Iran has claimed to have discovered the secrets of American drone technology by "reverse engineering" a U.S. spy drone that went down in Iran last December. According to the Tehran Times, the government claims it has learned enough to build "a copy of the plane and had acquired information about the classified surveillance drone program."
Speaking on state television, the commander of the Iranian Islamic Revolutionary Guards' air force said some of what Iran has learned involves have encrypted information stored onboard the drone–the commander even sharing supposedly classified information to prove they'd worked through American encryption:
I am giving you four codes so the Americans understand just how far we have gone in penetrating the drone's secrets.
In October 2010, the aircraft was sent to California for some technical issues, where it was repaired and after flight tests, it was taken to Kandahar (in Afghanistan) in November 2010, when a series of technical problems still prevailed. In December 2010, it was sent to an airport near Los Angeles for repair of its equipment and sensors, and flight tests. The drone was then sent back to Kandahar.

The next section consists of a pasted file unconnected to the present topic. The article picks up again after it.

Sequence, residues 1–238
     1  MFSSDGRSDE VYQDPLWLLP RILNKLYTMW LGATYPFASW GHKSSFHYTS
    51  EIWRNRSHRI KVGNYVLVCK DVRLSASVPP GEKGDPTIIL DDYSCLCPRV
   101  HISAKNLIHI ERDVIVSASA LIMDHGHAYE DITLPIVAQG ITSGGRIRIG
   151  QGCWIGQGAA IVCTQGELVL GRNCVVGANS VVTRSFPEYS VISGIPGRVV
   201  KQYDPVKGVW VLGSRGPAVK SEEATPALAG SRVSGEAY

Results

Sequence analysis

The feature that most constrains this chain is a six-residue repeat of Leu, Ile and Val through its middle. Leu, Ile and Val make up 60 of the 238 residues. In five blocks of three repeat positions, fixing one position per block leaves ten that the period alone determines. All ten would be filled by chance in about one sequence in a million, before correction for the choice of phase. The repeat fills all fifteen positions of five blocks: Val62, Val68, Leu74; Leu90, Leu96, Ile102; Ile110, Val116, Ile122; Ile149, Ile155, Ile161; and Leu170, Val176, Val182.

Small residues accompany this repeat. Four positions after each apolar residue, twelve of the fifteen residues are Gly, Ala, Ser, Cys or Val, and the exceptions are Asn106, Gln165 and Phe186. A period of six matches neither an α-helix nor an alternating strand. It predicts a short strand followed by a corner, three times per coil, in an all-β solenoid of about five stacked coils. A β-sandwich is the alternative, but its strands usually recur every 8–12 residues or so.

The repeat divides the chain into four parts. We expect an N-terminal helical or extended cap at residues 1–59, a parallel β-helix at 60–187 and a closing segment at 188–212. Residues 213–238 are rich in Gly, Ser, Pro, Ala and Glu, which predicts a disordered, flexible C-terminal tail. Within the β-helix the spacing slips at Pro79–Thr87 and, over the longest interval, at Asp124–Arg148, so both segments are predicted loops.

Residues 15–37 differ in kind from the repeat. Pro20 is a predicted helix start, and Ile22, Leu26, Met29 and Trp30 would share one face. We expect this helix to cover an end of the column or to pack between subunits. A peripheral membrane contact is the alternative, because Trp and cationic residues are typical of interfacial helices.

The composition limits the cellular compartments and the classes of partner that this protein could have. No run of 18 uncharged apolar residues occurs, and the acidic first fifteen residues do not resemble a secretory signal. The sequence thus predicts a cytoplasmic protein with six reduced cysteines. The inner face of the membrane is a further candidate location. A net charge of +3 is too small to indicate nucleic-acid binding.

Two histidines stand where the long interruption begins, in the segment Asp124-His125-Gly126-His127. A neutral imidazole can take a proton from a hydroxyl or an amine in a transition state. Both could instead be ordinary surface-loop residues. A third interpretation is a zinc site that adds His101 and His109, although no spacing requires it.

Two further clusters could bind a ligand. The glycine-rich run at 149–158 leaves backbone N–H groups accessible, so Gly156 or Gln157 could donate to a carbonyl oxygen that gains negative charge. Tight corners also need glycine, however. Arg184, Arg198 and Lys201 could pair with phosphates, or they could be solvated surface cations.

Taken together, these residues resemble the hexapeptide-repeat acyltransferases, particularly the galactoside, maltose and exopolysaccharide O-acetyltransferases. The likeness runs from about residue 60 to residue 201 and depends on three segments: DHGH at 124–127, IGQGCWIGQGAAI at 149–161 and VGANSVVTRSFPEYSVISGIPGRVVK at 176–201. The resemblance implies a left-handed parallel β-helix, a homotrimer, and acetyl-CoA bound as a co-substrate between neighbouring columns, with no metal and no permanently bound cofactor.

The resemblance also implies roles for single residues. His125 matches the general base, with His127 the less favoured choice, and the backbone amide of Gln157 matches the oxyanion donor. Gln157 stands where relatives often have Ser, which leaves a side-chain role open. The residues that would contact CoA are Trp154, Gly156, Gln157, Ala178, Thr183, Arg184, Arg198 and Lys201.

Even a partial success at understanding the inner workings of the U.S. drone, an RQ-170 Sentinel, could be extremely damaging to American national security, according to a story on Gizmodo:
While the Iranians don't have the technology to build something like the RQ-170, the cracking of its encryption systems is damaging enough. Not only they would be able to use this information to their own advantage in the future, but you can bet that these secrets are going to end up in the hands of Russians and Chinese military.
The U.S. secretary of defense said Monday that he doubts Iran has been able to reverse-engineer anything. "I would seriously question their ability to do what they say they have done," Leon Panetta told reporters traveling with him to Colombia.
Tonight on Erin Burnett OutFront, experts will dissect Iran's claims–and discuss the potential damage Iran could do if it indeed has "cracked the code."